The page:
Like many others in Kansas, Cheney United Methodist Church has long supported EmberHope and its work. But members of the congregation may understand that work even better than some because they’ve seen foster care in action.
Several years ago, a member took in three foster children and is working today to navigate the path to adoption.
“It’s a living example of EmberHope’s work and makes it a lot more real to be able to see day in, day out the fruits of a ministry like that,” Rev. Aaron Duell says.
With that experience, the church’s mission committee invited EmberHope staff to talk about their ministry at a 5th Sunday brunch. There, Duell joshes, Methodists did two things they excel at, eating together and taking a collection. The 5th Sunday affairs typically raise hundreds of dollars to support the selected charity’s good works.
Year in, and year out, Cheney UMC also supports EmberHope through the Back-to-School drive and Christmas Connection.
“The Bible makes it clear that God calls for special attention and justice for the widow and the orphan. And that’s EmberHope in a nutshell, helping the vulnerable who need special care,” Duell said. “Most folks in our congregation have families, kids, or grandchildren, so it especially resonates.”
Their Back-to-School drive each summer gathers notepads, pencils, rulers, and many other supplies that, when lacking, can hinder success in the classroom. Members drop bounty such as binders, supplies, and more into a collection box. This year EmberHope collected about 20 bags of generosity.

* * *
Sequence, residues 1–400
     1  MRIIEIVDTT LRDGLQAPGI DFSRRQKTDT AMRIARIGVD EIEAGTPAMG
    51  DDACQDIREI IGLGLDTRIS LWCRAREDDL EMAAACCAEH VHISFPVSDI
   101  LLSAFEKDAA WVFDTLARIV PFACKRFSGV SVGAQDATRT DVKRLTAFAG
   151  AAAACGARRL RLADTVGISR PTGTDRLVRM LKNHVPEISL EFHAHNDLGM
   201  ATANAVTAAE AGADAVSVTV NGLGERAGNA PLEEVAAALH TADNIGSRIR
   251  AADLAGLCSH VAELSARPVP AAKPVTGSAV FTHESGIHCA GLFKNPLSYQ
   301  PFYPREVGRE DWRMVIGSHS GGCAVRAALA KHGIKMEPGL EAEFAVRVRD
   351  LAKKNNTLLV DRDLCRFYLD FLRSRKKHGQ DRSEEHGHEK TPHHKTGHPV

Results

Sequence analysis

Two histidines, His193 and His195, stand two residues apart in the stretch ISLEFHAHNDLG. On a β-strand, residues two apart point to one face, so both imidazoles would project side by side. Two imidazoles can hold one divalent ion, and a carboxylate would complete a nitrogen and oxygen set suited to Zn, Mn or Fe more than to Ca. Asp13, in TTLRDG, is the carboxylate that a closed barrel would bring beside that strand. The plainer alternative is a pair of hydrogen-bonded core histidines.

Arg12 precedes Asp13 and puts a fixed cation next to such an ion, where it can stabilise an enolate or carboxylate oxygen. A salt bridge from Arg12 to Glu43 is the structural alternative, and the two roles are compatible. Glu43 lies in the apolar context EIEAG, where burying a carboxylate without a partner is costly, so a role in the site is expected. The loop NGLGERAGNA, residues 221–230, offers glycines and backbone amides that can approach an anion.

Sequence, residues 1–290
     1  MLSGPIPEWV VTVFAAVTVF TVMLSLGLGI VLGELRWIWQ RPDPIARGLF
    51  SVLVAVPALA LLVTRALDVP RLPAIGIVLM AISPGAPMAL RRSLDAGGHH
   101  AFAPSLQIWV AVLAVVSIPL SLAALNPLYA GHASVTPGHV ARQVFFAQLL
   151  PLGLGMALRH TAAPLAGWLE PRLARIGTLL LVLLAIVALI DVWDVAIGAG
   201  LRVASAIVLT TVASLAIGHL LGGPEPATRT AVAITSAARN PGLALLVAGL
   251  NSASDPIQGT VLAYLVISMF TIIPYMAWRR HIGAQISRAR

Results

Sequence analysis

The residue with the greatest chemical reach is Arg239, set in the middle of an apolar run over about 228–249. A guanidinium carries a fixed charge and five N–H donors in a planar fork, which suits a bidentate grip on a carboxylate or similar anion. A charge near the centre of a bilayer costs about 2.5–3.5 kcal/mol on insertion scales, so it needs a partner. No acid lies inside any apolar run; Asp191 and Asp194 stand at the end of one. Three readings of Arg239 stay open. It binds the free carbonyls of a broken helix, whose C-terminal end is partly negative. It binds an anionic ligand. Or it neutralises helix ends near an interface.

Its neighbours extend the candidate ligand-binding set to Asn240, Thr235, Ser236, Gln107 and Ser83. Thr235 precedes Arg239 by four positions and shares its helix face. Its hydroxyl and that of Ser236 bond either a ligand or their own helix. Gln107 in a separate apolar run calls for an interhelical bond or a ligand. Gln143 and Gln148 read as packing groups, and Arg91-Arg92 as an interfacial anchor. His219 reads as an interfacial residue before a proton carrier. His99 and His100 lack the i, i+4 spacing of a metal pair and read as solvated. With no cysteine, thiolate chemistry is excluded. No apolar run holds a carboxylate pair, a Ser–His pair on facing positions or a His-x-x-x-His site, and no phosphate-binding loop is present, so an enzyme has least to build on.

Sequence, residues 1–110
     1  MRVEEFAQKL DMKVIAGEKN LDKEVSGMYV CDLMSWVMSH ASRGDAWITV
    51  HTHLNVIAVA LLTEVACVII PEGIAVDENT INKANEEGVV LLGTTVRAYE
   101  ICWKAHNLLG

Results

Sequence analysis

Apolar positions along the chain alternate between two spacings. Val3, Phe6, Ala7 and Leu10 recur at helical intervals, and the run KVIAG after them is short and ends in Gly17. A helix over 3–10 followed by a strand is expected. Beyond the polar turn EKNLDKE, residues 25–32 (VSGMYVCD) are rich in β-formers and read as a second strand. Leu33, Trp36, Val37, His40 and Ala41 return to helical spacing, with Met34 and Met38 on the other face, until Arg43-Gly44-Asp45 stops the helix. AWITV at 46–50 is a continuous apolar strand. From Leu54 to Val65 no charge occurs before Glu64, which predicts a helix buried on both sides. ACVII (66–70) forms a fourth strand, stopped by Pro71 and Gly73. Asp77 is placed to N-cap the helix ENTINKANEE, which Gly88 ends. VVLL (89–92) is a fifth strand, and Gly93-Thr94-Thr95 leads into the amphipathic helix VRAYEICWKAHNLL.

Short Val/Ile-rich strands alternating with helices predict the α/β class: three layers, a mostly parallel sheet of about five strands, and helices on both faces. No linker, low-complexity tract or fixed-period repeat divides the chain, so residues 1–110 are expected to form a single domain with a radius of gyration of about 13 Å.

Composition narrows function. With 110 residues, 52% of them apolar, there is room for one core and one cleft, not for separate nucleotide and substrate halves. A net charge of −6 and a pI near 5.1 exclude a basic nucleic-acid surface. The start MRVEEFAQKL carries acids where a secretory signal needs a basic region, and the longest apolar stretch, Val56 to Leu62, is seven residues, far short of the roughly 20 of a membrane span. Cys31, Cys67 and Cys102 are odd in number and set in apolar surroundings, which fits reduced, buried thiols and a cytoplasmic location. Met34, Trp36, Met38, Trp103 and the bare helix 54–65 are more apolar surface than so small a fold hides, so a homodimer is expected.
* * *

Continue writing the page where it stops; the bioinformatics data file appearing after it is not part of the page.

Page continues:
As a fourth-grade teacher, mission committee chair Laurie Thisius knows the need.
“Everybody carries around an ‘invisible backpack,’ and they have things in their pack that people can’t see, all the things going on in their life,” she says. Receiving supplies means “one less concern weighing on the hearts of the kids and the parents as well.”
Christmas Connection is a tradition, too. As the holiday nears, paper ornaments appear on a cheery bulletin board. Each bears the name of a foster child and a short list of gifts they’d like, some practical, some just fun. Members pluck a name, buy gifts and bring them to the church. The youth group often does, too.
It’s an opportunity to foster the habit of giving, as Thisius’ recalls her two boys selecting ornaments while Duell’s eldest is getting old enough to take part. The number of ornaments started small but kept growing each year. The need is always met.
“It warms our hearts to know that we are able to reach out in Christian love and help other people in need,” Thisius says. “When they receive the Back-to-School supplies and Christmas gifts, I hope they realize there’s someone out there who loves them even if we don’t know them personally. It’s our job to show them God’s love, so they can reach their full potential.”